Infographic: Sameer Pawar
The Explorer Edition, Xiaomi claimed when launching the Mi8 in China on May 31, will be the first Android phone in the world to use 3D face recognition technology—a feature similar to what Apple uses in iPhone X for Face ID.
Reportedly priced at CNY 3,699 (₹39,000 approximately), Xiaomi—dubbed as China’s Apple—is making a bold attempt to crack the premium smartphone category with the Explorer Edition and take on elites such as Samsung, Apple and OnePlus. The model might get launched in India soon given the fact that India is the second biggest market for Xiaomi after China.
Vivo, another Chinese player, is also attempting to carve a niche in the premium category with its X21 model in India.
The premium category—handsets priced above ₹30,000—is where the margins are (as high as 45 percent compared to 5-7 percent at the entry level and 10-12 percent at mid-segment) and is likely to drive the mobile replacement market.
Though the premium segment makes up just 4 percent of the estimated $20-billion smartphone market in India, it’s growing fast. The segment, pointed out Counterpoint in a report early this year, grew 20 percent by volume and 28 percent by value in 2017. During the first quarter of this year (January-March 2018), the top three brands—Samsung, OnePlus and Apple—contributed to 95 percent of the overall premium market.
Handset analysts contend that after consolidating their respective positions in the entry and mid-segment of smartphones in India, Xiaomi and Vivo are now trying to eat into the market share of the top three players in the premium segment.
“Wafer-thin margins and intense competition in the entry and mid-end segment are reasons for brands to make a shift to the premium market,” reckons Shobhit Srivastava, research analyst at Counterpoint Research. Relatively lower competition, higher margins and enough space to grow will allow Xiaomi and Vivo to increase their revenues, he adds.
For Vivo, which has seen its market share halve over a year, X21 gives it a chance to upgrade and make itself more aspirational. X21, with an under-display fingerprint sensor, has differentiated itself from the offering in the segment. “Being the first one to launch such a device, it will help Vivo grab mindshare and drive up its overall average selling price,” avers Srivastava.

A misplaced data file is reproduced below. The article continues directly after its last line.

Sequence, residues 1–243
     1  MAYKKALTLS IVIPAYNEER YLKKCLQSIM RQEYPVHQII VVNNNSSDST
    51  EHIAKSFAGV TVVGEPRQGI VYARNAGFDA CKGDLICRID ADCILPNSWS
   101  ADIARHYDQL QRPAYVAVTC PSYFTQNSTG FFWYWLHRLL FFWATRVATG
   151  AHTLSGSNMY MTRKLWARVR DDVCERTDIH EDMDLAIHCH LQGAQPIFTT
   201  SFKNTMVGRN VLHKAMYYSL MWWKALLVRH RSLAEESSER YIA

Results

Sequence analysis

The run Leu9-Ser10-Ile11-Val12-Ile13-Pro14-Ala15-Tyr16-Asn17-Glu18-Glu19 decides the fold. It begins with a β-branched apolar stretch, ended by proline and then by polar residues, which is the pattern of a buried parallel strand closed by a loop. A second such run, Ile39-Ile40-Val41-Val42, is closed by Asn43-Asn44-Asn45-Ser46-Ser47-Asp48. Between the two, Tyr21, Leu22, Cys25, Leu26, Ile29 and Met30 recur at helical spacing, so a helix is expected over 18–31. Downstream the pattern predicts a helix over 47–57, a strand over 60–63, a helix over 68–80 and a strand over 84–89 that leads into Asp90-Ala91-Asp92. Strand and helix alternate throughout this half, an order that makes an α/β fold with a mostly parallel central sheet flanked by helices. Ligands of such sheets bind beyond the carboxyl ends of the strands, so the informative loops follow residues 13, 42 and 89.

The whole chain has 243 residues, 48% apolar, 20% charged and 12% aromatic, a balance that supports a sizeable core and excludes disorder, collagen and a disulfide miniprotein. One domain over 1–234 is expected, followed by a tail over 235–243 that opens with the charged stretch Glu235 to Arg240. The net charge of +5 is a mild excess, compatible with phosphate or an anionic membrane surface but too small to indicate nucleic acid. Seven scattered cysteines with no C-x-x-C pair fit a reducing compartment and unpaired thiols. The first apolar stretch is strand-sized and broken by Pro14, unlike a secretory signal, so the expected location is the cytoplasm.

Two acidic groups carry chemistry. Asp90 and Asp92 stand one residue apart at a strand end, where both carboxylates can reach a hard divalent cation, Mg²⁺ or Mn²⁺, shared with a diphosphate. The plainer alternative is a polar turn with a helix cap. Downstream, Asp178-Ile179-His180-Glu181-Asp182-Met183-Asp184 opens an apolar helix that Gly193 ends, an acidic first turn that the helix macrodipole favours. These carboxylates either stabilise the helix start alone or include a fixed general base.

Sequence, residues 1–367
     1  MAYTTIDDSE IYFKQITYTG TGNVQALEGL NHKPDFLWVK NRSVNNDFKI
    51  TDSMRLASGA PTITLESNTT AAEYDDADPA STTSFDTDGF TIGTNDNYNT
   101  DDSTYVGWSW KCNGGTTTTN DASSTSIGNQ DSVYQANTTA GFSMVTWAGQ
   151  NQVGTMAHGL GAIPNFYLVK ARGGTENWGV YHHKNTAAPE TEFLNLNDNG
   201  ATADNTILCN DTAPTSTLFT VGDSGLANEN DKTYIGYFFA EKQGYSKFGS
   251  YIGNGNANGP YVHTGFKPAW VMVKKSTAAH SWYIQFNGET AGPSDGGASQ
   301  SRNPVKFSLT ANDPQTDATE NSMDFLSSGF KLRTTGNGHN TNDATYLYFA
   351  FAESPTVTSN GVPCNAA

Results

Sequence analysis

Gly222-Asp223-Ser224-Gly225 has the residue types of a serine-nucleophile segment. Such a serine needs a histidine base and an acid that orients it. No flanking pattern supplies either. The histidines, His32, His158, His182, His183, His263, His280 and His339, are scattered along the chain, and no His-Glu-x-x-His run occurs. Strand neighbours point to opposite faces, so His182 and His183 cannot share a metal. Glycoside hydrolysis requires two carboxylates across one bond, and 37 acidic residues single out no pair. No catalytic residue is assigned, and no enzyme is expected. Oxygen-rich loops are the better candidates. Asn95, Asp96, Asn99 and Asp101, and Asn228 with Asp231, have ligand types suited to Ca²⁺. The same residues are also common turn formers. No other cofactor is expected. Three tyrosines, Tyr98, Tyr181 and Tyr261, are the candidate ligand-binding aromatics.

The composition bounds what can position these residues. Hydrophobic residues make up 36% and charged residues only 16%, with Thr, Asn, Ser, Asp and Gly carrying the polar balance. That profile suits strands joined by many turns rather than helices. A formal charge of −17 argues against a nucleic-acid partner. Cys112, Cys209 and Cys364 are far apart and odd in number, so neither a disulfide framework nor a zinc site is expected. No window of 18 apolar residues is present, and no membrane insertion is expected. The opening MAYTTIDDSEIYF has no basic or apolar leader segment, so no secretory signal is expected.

The game plan for Xiaomi too makes perfect sense. After displacing Samsung as the top smartphone maker over the last two quarters in India, it knows that the volume game can’t help it sustain its edge over rivals. “After having a successful run in the entry level and mid-end segment, Xiaomi looks more eager to increase overall revenues from its largest market outside China,” says Srivastava.
The going, however, might not be easy. Reason: Consumers have a strong imagery of premium brands. “Though it’s relatively easier for brands to upgrade, it’s tough for them to displace the incumbents in terms of aspirational value,” says Ashita Aggarwal, head of marketing at SP Jain Institute of Management and Research. Even if they (Vivo and Xiaomi) won’t be priced as high as Apple and Samsung, they would still carry the baggage of being perceived as an outsider in the premium category. “Ready acceptance might take time,” warns Aggarwal.
The plan to gatecrash into the premium club, point out analysts, might not affect Apple as the move is likely to take share away from Samsung and OnePlus. “The new launches pose little threat to Apple,” says Deepak Kumar, founder analyst at B&M Nxt. The ₹60,000-plus price segment is deterministically brand-driven. “This segment is unlikely to get disrupted by Xiaomi and Vivo,” he says, adding that it is the ₹30,000–₹45,000 segment that these challenger brands would be eyeing. On the Plus Side
PepsiCo realised the magic of ‘Plus’ way back in 1998 when it rolled out its campaign with a tagline ‘Yeh Dil Maange More’. The consumer insight was simple: Users get hooked to the promise of more—aka plus—whether in abstract or real terms.
The idea of ‘more’, though abandoned by the beverage maker after the first few years, was lapped up by FMCG and retail companies, in a different avatar. One got to see toothpastes, soaps, deodorants adding ‘plus’ to their variants.
Cut to 2018. Handset makers have started doing a Pepsi. Samsung S8+ and S9+, Nokia 7 Plus, Redmi Plus... ‘Plus’ is the new smartphone lingo. Reason: The consumer insight still remains the same; users want more for less. More specs, more value and more of their phones.
It’s a win-win for marketers. “Plus is a marketing subliminal, used to advantage by marketers of both FMCG, durables and now most telecom handset players,” reckons brand strategist Harish Bijoor. What plus does to a brand or a product is give it an eternal symbol of positivity. “That is a big reason why the moment you add a plus, its positivity as a choice seems to jump out significantly,” he says, pointing out other plusses of plus: Getting more than what one has paid for.
While conceding that ‘Plus’ also makes a product look macho, Bijoor is quick to point to the flip side. The biggest minus is the claim itself: Plus. “If you brand a plus and don’t deliver, your brand falls on the count of over-promise,” he warns, adding that plus is an over-touted facet. “Brands can fall and fail on that count,” adds Bijoor.
For handset makers, and other marketers as well, that would be an unwanted plus for sure.
(This story appears in the 22 June, 2018 issue of Forbes India. To visit our Archives, click here.)